The A3: Take Borough High Street till you reach Portsmouth

Follow Borough High Street for rolling hills like this.

Instead of heading east at Borough Tube, you might instead go south, down the A3, which eventually reaches Portsmouth. Along the way, it is variously known as Borough High Street, Newington Causeway, Kennington Park Road, Clapham High Street, Wandsworth High Street, Kingston Road and much else besides. Total length: 78 miles.

The A4: Take Fleet Street as far as Bristol

More gorgeous countryside, on the same road as Fleet Street.

Call it the A4, and you have an unmemorable traffic route. Call it Fleet Street, Strand, Pall Mall, Piccadilly, Knightsbridge and Brompton Road, and you have some of the most famous streets in the world. This most notable of roads also comprises Cromwell Road (home of the V&A and Natural History Museum), the embattled Hammersmith Flyover, and the Great West Road before heading out to Bath and Bristol, flirting the whole way, and occasionally commingling, with the M4. Total length: 130 miles.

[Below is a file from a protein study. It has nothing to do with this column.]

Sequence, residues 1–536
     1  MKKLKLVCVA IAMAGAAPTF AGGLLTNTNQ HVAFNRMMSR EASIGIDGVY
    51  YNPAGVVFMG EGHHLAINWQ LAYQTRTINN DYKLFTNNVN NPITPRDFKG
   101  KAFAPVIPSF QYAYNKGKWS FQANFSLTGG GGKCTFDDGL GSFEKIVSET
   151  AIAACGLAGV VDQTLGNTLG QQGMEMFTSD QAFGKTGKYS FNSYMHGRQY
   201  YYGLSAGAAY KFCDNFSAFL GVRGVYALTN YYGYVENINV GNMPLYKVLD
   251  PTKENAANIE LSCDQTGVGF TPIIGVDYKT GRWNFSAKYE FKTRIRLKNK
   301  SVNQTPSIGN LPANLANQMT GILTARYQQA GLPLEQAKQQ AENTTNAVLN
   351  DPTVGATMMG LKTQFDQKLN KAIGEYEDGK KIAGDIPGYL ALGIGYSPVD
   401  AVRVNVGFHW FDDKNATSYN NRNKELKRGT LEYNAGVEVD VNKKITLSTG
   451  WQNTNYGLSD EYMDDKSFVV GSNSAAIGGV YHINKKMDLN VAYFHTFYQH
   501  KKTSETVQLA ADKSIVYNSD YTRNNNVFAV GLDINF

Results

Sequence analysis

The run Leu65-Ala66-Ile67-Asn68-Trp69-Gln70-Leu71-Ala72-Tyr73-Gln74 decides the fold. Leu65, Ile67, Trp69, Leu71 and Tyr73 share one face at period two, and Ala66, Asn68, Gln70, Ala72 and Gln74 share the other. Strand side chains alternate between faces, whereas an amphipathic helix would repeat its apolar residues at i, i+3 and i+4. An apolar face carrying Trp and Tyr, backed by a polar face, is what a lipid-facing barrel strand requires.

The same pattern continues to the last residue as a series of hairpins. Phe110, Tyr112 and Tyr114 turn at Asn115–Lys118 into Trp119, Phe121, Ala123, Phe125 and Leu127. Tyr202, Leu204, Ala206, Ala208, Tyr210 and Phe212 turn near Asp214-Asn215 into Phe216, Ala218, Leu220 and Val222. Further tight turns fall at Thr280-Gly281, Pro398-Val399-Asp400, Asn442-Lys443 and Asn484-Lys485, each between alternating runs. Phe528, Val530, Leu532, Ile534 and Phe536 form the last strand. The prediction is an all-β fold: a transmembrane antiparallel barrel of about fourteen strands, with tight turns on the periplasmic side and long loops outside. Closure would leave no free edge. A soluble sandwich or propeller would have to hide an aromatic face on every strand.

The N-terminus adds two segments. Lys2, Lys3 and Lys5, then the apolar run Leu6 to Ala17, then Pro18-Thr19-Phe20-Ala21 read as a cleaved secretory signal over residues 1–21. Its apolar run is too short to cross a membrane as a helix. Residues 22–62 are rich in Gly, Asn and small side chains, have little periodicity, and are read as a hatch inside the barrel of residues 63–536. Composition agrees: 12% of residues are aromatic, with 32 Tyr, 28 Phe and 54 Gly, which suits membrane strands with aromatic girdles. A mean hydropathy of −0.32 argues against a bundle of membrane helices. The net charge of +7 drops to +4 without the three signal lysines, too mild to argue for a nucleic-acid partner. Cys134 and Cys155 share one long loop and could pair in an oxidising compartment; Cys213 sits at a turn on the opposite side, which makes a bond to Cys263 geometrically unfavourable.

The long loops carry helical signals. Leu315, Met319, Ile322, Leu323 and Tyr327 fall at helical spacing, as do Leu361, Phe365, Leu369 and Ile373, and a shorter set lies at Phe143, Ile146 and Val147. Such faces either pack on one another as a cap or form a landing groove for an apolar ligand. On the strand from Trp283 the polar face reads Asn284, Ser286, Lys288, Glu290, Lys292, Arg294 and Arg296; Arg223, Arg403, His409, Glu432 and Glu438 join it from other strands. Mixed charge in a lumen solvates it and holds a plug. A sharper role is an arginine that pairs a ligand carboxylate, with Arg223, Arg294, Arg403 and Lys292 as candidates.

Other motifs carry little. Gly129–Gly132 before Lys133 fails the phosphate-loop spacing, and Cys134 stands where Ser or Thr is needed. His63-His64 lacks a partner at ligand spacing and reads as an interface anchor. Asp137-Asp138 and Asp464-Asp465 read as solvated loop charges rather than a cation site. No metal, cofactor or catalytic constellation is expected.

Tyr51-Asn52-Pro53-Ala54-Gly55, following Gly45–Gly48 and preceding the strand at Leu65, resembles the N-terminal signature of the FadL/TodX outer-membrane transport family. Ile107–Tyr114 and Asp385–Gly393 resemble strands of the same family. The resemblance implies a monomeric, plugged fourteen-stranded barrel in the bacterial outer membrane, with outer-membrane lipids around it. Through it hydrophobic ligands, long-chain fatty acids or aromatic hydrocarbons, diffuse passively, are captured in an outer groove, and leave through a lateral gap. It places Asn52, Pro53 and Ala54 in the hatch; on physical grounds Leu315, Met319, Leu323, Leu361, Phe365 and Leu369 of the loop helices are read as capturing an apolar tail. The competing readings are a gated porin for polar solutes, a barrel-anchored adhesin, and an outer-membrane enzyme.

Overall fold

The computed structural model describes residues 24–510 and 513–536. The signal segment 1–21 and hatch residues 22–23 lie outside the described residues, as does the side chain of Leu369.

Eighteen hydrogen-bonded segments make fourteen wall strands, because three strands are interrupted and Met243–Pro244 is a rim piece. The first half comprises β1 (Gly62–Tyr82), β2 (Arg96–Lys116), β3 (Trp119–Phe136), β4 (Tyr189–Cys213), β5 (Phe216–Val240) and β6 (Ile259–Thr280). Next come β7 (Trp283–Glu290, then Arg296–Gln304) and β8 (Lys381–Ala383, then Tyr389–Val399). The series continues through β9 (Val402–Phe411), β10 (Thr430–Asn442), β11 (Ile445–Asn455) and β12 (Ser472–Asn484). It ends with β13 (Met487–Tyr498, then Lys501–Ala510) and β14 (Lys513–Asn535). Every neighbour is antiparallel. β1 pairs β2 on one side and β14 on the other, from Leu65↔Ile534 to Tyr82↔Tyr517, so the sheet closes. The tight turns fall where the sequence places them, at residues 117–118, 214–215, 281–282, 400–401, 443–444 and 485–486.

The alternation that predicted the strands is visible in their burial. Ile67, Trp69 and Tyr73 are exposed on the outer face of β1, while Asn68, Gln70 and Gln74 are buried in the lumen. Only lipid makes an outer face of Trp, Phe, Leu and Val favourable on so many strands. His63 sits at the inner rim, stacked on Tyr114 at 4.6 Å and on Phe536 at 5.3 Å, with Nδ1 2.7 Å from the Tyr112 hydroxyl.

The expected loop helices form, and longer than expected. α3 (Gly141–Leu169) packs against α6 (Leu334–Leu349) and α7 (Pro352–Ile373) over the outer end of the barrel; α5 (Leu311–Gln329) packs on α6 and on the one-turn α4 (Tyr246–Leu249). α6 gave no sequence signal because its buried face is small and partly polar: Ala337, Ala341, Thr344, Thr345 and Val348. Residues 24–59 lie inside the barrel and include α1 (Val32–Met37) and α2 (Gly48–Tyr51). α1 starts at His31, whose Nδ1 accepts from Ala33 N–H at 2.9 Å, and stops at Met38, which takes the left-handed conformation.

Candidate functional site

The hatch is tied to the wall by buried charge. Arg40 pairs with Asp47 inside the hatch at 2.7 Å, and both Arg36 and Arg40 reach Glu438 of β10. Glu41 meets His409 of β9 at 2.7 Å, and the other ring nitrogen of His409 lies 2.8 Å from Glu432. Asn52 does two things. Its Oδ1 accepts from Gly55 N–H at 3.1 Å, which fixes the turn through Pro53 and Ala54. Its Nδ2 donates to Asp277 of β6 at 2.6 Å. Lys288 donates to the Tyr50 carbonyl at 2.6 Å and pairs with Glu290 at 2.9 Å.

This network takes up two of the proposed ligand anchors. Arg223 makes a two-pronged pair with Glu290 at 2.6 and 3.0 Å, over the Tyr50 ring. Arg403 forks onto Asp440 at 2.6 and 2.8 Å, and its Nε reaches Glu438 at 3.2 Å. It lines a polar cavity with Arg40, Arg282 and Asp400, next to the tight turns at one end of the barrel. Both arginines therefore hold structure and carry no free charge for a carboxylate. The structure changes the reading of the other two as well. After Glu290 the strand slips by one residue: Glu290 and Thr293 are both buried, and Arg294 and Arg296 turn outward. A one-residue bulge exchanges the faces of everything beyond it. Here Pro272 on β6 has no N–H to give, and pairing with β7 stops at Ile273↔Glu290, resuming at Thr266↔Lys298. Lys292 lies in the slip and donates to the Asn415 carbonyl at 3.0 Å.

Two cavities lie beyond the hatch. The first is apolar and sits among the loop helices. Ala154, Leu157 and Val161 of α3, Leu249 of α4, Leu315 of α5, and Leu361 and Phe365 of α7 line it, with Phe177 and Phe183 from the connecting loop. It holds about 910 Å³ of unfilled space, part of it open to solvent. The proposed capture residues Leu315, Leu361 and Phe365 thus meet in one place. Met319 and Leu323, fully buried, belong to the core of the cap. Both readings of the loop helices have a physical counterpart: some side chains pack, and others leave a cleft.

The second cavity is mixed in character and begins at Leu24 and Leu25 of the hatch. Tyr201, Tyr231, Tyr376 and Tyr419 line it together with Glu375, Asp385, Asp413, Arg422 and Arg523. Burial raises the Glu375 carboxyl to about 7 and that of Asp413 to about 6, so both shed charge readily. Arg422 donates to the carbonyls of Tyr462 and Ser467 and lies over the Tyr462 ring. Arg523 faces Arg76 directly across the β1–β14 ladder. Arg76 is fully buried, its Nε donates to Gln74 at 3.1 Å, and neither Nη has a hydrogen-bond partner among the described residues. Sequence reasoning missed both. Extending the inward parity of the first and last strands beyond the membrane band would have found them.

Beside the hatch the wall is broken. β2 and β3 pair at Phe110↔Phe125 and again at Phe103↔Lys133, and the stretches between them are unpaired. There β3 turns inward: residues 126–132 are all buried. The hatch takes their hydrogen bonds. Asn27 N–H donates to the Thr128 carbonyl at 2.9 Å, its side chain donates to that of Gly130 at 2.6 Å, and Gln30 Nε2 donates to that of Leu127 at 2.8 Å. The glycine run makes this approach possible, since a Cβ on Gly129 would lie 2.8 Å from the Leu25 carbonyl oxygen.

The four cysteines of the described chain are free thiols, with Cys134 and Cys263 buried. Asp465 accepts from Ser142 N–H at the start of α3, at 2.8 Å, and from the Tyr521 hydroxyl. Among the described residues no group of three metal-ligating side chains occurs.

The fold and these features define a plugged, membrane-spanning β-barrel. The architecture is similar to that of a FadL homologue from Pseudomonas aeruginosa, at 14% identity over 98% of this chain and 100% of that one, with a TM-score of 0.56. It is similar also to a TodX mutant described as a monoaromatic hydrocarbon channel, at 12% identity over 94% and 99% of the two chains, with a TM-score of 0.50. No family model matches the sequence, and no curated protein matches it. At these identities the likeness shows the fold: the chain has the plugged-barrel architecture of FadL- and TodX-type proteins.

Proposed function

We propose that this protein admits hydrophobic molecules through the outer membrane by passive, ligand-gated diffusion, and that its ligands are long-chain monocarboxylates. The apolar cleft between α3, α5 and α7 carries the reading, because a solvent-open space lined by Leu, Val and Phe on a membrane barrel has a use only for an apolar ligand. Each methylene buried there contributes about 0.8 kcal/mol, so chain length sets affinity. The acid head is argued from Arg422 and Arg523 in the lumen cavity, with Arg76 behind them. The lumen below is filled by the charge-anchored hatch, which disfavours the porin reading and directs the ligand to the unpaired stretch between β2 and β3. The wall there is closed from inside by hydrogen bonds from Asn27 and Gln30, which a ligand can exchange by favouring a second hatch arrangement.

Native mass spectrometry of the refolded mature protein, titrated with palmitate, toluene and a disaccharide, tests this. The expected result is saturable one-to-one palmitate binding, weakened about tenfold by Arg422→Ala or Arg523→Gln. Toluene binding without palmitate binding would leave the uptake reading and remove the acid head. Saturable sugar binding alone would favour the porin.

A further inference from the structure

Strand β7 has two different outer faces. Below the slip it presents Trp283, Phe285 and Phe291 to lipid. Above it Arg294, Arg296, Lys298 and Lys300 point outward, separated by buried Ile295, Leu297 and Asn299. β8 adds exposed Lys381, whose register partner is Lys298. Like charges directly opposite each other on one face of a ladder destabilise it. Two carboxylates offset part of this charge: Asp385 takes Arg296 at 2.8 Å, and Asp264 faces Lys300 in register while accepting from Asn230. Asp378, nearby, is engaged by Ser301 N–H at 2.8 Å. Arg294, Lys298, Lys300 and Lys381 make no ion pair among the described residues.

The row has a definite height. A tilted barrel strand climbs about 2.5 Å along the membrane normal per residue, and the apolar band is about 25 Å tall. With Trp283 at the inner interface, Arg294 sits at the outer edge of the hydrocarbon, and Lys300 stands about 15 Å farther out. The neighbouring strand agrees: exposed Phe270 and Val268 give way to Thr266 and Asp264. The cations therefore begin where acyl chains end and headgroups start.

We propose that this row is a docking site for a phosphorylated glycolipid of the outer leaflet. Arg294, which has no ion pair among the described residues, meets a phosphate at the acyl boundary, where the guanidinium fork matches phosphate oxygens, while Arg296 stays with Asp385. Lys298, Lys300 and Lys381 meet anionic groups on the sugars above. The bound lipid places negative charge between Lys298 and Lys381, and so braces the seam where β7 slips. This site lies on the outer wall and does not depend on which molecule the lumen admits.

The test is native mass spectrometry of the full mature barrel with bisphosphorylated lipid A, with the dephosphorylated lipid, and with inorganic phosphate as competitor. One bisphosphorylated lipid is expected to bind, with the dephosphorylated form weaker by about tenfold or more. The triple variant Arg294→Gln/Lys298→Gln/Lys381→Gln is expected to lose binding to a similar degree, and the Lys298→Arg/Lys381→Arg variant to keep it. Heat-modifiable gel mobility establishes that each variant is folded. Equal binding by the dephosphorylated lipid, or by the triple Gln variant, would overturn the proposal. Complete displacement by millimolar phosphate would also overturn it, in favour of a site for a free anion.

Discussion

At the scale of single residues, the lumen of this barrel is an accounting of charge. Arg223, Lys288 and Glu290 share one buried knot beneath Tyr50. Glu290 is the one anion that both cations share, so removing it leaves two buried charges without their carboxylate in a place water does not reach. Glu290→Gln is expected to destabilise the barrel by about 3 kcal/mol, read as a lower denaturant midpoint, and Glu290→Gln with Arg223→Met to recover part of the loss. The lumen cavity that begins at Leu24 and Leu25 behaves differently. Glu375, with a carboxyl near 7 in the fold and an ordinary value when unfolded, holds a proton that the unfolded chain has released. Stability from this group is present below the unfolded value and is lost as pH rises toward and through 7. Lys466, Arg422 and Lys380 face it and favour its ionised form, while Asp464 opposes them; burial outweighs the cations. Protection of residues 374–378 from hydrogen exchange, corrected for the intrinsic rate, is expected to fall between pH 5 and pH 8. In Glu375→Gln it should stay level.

The A5: Take Edgware Road…to Anglesey

Multicultural Edgware Road

Edgware Road and its northern continuations are perhaps the most obviously Roman route in London, heading in a perfectly straight line, save for an Elstree kink, all the way out beyond the M25. This is the northern stretch of Watling Street, the Anglo-Saxon name for the old Roman route out to the Welsh borders. Today, as the A5, it ventures as far as Holyhead in north-west Wales, although it briefly loses its name (becoming the A5183) just outside London. Total length: 260 miles.

The A10: Take Bishopsgate up to the Norfolk coast

Just carry on up Kingsland Road and you'll eventually get to this.

One of the main thoroughfares through the ancient City of London, Bishopsgate formed part of Ermine Street, a Roman road that once led up to York (Eboracum). Sometimes called the Old North Road, it remains one of the straightest roads in London, beginning at Monument station, passing up through Bishopsgate, Shoreditch High Street and Kingsland Road, then on through Dalston, Stokey, Tottenham and Edmonton. Were you to follow the A10 (as it’s officially designated) to its conclusion, you’d pass through Cambridge before coming to an end in King’s Lynn, Norfolk. Total length: 161 miles.